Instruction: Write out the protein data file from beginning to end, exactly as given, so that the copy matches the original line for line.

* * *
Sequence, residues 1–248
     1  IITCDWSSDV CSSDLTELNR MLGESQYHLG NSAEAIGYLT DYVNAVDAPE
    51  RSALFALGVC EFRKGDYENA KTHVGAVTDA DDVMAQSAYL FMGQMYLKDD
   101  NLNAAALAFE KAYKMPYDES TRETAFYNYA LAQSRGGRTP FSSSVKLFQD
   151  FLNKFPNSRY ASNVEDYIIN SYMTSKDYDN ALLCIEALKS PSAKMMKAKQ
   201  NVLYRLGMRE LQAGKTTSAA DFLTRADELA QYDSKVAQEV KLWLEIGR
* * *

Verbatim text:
Sequence, residues 1–248
     1  IITCDWSSDV CSSDLTELNR MLGESQYHLG NSAEAIGYLT DYVNAVDAPE
    51  RSALFALGVC EFRKGDYENA KTHVGAVTDA DDVMAQSAYL FMGQMYLKDD
   101  NLNAAALAFE KAYKMPYDES TRETAFYNYA LAQSRGGRTP FSSSVKLFQD
   151  FLNKFPNSRY ASNVEDYIIN SYMTSKDYDN ALLCIEALKS PSAKMMKAKQ
   201  NVLYRLGMRE LQAGKTTSAA DFLTRADELA QYDSKVAQEV KLWLEIGR